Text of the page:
Geena Urango, Carly Skjodt qualify for Austin in ‘new age’ of beach volleyball

Geena Urango, Carly Skjodt qualify for Austin in ‘new age’ of beach volleyball

May 4, 2022 - We are, as Geena Urango will be the first to admit, in “a new age.”

Care to count the ways? There are few better places to begin than Urango and Carly Skjodt’s winding journey into the main draw this week at AVP Austin, the first of Skjodt’s burgeoning beach career.

It begins, oddly enough, well outside of the United States, in Doha, Qatar. And it begins a little more than one year ago. In March of 2021, the country of just 2.3 million people was allowing women to compete in beach volleyball for the first time in the sport’s history. Had the Tokyo Olympics not been postponed a year due to COVID, leaving the FIVB scrambling to put on enough events to have a legitimate qualification process, it is a wonder if Doha would have opened up to women at all.

But, again: Such is the new age.

The event went well enough in 2021 that Doha remained welcoming to the women – albeit with dress restrictions, in which they will have to wear shorts, but are permitted, after much deliberation, to wear sports bras as opposed to t-shirts in 2022. It just so happened to be on the same weekend that the AVP scheduled its season-opening event in Austin, Texas.

Urango had no plans of competing in Doha. Neither did Skjodt. Neither, for that matter, did they have any set plans as to what this upcoming season might look like.  

“I saw that Carly had been playing overseas [in Portugal] and moved back, and I remember watching some of the grass stuff when her, Delaney [Mewhirter], and Katie [Spieler] played together. I said ‘This girl is a baller,’” Urango recalled. “I was going into the season without any plans in mind; I was open to whatever was going to happen. I spoke to Carly in the winter and she was leaning towards wanting to do it.”

Again, however, this is a new age. The two didn’t actually speak, as one might have done, say, 10 years ago. Instead, Urango, said with a laugh, “I slid into her DMs.”

Skjodt – pronounced Scott – was interested. And how could she not have been? Urango made her first main draw in 2012 when Skjodt was just 15 years old. She was the first USC athlete to receive a scholarship to compete in beach volleyball. By 2015, she was making Sundays on the AVP.

So yes, Skjodt was interested when Urango slid into the DMs this past winter. She just had to figure out a way to get back to California. After four years as a 6-foot outside hitter at the University of Michigan, Skjodt finished her college career on the beach, playing on court one alongside Brook Bauer at Pepperdine. But the pandemic had shut out any up-and-coming talents on the AVP, limiting its field and ensuing two seasons to just three events each, so when Skjodt had an offer to play overseas in Portugal, she took it. Which was all she needed to know that the beach – and, soon, Urango – was calling.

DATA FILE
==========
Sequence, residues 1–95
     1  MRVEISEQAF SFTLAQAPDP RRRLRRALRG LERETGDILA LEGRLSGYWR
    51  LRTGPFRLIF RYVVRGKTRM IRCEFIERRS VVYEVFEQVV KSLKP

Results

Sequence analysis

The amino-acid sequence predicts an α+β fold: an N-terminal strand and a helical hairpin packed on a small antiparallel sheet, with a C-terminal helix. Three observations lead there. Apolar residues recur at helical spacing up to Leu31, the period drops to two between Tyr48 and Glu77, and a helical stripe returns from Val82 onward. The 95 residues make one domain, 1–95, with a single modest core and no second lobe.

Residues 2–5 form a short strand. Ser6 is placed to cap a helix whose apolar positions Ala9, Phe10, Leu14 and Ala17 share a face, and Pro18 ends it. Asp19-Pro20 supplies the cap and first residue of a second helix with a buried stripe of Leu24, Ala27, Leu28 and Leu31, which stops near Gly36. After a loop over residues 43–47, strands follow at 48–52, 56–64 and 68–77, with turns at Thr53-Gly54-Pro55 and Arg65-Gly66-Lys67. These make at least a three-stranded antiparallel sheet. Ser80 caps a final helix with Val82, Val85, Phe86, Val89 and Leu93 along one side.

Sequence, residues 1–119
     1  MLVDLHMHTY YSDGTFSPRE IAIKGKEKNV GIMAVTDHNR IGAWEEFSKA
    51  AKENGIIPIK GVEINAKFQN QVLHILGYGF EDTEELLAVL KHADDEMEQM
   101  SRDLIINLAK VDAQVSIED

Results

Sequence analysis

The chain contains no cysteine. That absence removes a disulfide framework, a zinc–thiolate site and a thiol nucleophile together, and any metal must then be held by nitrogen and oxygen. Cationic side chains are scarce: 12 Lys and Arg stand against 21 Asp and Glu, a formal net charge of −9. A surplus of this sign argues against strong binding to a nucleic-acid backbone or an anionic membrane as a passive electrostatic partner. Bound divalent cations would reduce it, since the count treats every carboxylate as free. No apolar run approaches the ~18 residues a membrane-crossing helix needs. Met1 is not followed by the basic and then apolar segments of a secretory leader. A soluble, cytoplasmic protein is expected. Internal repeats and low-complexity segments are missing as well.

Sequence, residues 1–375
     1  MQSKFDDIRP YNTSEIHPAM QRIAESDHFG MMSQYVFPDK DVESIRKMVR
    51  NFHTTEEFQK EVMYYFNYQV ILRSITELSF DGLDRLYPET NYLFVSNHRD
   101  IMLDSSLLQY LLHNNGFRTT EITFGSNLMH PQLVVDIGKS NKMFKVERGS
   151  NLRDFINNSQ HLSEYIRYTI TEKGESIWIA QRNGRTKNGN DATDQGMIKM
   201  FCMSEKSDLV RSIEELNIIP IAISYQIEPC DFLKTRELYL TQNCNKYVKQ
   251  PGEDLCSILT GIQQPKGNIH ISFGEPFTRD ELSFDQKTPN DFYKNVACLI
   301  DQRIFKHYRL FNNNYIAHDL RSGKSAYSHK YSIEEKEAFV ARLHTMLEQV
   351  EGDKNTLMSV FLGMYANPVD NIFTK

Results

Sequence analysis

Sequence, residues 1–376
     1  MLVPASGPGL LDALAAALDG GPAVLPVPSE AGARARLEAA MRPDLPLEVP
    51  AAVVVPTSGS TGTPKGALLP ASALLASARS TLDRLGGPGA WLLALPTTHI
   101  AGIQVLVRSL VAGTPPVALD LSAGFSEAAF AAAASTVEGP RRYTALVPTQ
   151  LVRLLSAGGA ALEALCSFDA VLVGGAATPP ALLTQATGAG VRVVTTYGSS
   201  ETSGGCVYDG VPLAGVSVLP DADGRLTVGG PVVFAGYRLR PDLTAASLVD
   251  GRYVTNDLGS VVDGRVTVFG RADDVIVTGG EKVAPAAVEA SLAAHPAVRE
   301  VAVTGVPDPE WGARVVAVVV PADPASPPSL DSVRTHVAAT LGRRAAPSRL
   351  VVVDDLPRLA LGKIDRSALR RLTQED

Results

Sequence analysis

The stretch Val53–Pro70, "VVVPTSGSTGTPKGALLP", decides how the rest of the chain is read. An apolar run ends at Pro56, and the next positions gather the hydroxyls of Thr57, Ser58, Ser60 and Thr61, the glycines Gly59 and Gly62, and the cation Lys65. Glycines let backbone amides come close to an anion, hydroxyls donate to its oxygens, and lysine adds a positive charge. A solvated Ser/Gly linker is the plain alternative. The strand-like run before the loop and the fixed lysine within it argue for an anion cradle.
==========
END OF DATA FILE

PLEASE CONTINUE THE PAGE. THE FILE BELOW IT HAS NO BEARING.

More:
“I knew I was going to play, whether it was for fun or exercise or whatever, but the job I have allows me to play,” Skjodt said. “My plan was just to find a job and then let everything else fall into place, and luckily it has. I knew I wanted to play, and after Portugal, I was worn down, and I thought ‘Maybe I don’t need volleyball anymore.’ And then a month later I knew I did need it. It worked out. It’s exciting.”

It isn’t just a new age for communicating with partners, or women’s rights in the middle east, however. It’s also a new age for the AVP. As the number of beach volleyball players has boomed since the advent of NCAA beach volleyball, the qualifiers have swollen to a size far too big to be held in a single day. Under the new leadership of Bally’s, the qualification system was redone, with AVPNexts, Tour Series, and CBVA series being held as off-site qualifiers. When Urango and Skjodt finished fifth in the AVPNext Panama City Beach event on April 9-10, which served as a qualifier for Austin, they knew that, while they may not have immediately qualified, there was still a chance.

All they needed was for one team to play Doha instead.

“We saw that four teams were still signed up for Doha and were just crossing our fingers after that,” Urango said.

“We’d been crossing our fingers for a few weeks, but as it got closer, it felt like our odds were getting lower,” Skjodt said. “But we just kept training as if we were going to get in, just to be prepared.”
And then, one morning, it happened: Urango had just gotten to her car after a practice when a text message from Corinne Quiggle came in: She and Sarah Schermerhorn were dropping out of Austin to play Doha instead.
Urango and Skjodt were in the main draw.

“I was so confused,” Skjodt said, laughing.

To be fair, we’re all a little bit confused. Things happen fast in this new age, and sometimes it can be a bit strange: partnerships are sealed in DMs, countries are constantly shifting their restrictions, qualifiers are being held weeks in advance of AVP tournaments, text messages are confirming who is and who is not in the main draw.

And Carly Skjodt, who thought she might be finished with this game, is now an AVP main draw beach volleyball player.

~ Travis Mewhirter: @trammew

Photo Credit: Volleyball Magazine